Alternative ways of owning a car

As you read in my previous posts, I do not think taking a car loan to buy a car is really a good idea. Some people have got back to me saying that, while they principally agreed to buying cars through cash payment, it probably means they would not be able to buy the car which they want to buy.

My first response to it will be that you need to cut your coat according to the cloth that you have.If you do not have money to buy the car you want to possess and cannot hope to save up for it within a reasonable period, then you probably cannot afford it anyway. A slightly risky way will be to invest in equity or hybrid products in the hope you will be able to get better returns in the time period under consideration. For example you may want to buy a car costing 10 lacs after 3 years. The scenarios can play out as below:-

  • Let us say you have 2 lacs today and will get about another 2 lacs by trading in your present hatchback after 3 years.
  • Assuming a 8 % return in debt products, your current 2 lacs will be 2.5 lacs in 3 years time. You therefore need additional access to 5.5 lacs.
  • You will need about 13828 Rs investment every month if it grows at 12 % and the cost of car rises by 5 %.
  • In case your investment returns are 8% then the amount you need to invest 16128 Rs every month.

As you will see from here, investment in equity will help you get a car of your desire. However, in a short period like 3 years there is a significant risk of the market returns being poor or in some cases, even negative. A better way will be to simply go by the 3 portfolio strategy, not bother too much about the particular goal, invest as much as you can and withdraw money from the appropriate instrument when the time comes. For instance if the markets are doing really well, sell a few stocks from your portfolio in order to buy the car you wanted.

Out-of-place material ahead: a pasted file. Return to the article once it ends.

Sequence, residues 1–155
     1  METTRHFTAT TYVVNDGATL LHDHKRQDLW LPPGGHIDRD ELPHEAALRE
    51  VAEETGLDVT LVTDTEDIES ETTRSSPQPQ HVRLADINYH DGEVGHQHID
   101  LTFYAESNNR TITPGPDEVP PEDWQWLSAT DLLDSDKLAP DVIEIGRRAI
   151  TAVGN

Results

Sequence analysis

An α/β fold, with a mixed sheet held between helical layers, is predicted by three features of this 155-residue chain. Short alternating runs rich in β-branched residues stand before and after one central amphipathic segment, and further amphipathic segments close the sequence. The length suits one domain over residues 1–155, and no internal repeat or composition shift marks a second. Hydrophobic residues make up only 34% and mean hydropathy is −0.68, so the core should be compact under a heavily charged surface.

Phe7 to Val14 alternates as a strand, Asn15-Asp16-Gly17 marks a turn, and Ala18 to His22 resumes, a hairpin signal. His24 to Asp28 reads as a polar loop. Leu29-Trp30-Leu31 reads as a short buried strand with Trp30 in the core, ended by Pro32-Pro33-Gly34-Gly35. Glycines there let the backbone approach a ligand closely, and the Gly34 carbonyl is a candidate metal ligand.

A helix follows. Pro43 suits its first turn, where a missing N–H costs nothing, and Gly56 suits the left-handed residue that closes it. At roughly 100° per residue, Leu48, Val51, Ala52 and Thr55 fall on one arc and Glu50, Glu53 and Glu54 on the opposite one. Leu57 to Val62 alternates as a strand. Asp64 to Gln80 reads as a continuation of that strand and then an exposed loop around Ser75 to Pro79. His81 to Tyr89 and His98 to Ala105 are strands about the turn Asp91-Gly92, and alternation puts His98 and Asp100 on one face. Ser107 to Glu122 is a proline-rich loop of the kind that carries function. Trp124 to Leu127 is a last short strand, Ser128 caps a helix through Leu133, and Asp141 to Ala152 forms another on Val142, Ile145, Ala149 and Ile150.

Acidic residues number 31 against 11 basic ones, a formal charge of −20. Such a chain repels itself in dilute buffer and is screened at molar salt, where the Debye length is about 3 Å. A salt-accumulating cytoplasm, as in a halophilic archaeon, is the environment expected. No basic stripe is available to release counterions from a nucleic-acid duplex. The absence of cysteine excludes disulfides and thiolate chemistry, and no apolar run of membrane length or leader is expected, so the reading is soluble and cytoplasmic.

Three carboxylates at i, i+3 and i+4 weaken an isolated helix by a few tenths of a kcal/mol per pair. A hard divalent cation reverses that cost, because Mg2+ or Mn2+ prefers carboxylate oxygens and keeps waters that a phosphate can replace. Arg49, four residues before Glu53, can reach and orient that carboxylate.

For people in corporate jobs, the best way will be to get a car given to them by their company as a perquisite. This works out well for the company as they can claim depreciation and also for the Employee as the tax incidence is not high. However, as only a few roles have such perquisites inbuilt , this will not be of use to majority of people. You can then look at the option of leasing a car from your company as part of your CTC. The company will normally not have an issue with it, you save something on taxes and after 3-5 years you can get out of the lease. This is actually a good way of changing your cars every 5 years or so, provided you are in a stable job and plan to be there for a fairly long term.

An easier way, in case your spouse is not working or is in a lower tax bracket will be to buy the car in his/her name and get your company to lease it. Even though the lease rental paid will be taxable in the hand of your spouse, the overall tax impact for the family will be lower. This mode is easier as you can easily shift the lease to your new employer, in case of a change in jobs.

Of course, if you are a self employed person or in business you can show the car as an asset and claim depreciation on it. This will be the easiest way of buying a more expensive car. In this situation too, leasing a car directly from leasing companies will work out well as you can write off the amount paid as an expense.

So, go ahead and plan for your first car if you are not having one now. And, if you do, make a plan as to what your next car will be and when are you going to get it.

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